Many of you will know that I wrote a lengthy essay speaking out against pornography. The tone of the essay was one of empowerment against addiction and also of sympathy with those already addicted. I do not believe in condemning people, only in helping them to better themselves.
The essay was part experience, part information gleaned from conversations, part introspection, part personal philosophy, and part research. Throughout the essay, I made no distinction between those elements, because I was not interested in writing some kind of personal confession. However, somebody out there has interpreted it just like that. In the eyes of someone (I don’t know who, because this was communicated to me through a third party), I am viewed as dangerous. I am gutted that someone could so completely miss the 101 positive things I had to say that will help young people steer clear of pornography, and instead see me as some kind of villain.
I knew I was taking a risk to tackle such a taboo topic, but I also knew that so many young people were naively exposing themselves to porn and becoming addicted behind their parents’ backs, and all I could think was, “I know exactly what porn is, and I know exactly how to keep it out of my life. I can’t not share what I know.”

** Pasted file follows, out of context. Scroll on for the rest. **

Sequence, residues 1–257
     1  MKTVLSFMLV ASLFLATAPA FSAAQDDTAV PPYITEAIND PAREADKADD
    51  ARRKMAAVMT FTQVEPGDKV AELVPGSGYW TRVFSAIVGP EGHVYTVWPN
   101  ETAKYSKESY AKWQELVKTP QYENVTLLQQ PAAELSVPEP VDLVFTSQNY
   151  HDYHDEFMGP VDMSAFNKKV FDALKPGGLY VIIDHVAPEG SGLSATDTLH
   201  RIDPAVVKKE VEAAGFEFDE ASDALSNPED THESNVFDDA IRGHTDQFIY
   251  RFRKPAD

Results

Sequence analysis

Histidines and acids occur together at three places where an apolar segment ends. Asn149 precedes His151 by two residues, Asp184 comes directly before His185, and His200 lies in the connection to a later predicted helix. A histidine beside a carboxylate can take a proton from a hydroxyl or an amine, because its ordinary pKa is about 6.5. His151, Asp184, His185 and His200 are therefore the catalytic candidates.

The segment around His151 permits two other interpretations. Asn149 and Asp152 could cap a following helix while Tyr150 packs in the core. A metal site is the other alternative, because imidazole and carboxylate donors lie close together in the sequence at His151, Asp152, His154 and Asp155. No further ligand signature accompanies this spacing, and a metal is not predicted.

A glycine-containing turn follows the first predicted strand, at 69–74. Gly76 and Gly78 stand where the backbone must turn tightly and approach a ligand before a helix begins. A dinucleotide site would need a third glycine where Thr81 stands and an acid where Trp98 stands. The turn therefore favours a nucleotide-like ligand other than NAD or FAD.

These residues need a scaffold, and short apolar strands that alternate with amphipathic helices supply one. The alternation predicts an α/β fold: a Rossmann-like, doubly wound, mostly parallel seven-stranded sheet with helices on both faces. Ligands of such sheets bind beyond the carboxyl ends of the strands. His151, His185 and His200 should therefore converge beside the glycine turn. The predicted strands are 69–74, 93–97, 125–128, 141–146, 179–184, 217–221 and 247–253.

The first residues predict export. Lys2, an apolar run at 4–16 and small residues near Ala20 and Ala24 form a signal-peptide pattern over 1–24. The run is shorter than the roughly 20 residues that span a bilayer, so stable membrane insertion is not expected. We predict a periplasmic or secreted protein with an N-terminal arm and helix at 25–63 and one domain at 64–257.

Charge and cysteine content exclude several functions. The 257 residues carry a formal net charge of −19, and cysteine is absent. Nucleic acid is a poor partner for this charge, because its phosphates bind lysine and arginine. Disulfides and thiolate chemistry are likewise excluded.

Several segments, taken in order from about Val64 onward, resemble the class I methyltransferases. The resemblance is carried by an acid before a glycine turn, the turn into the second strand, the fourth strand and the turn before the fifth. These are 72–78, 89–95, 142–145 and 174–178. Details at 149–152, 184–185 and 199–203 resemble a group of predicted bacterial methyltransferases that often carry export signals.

Anyway, I took the essay down, and in doing so I disappointed myself, because I feel I caved in to something I try very hard not to do: live in fear of what other people think of me. It’s the way a lot of people live, and it’s no way to live.
I plan to make some changes to the essay and put it back online. I want to improve the accuracy, amend some parts that I’ve had new thinking on, and snip a lot of unnecessary waffle out.
I try to live an inspiring life. I try not to be someone who merely comes home in the evening, switches on his television, and has no higher purpose than to entertain himself as much as possible on the way to death. I want to be the sort of person who does what he believes is right without fear of the consequences, but sometimes it’s so hard. I am just so disturbed that someone could read something I said and paint a picture of me that is the total opposite of what I am.
I leave you with some statistical information that reveals the sheer scale of pornography on the internet. The word “epidemic” comes to mind, and it’s clear that it extends to young people. I feel this is the ultimate justification for the necessity of an essay like mine:
- Number of pornographic websites: 4.2 million (12% of total websites in world)
- Daily pornographic search engine requests: 68 million (25% of total search engine requests)
- Received unwanted exposure to sexual material: 34% of internet users
- Monthly pornographic downloads (peer-to-peer): 1.5 million (35% of all downloads)
- Average age of first internet exposure to pornography: 11 years old
- 15-17 year olds having multiple hardcore exposures: 80%
- 8-16 year olds having viewed porn online: 90% (most while doing homework)
- Christians who said pornography is a major problem in the home: 47%
- Adults admitting to internet sexual addiction: 10%
These stats are from Family Safe Media. Click the link for a lot more.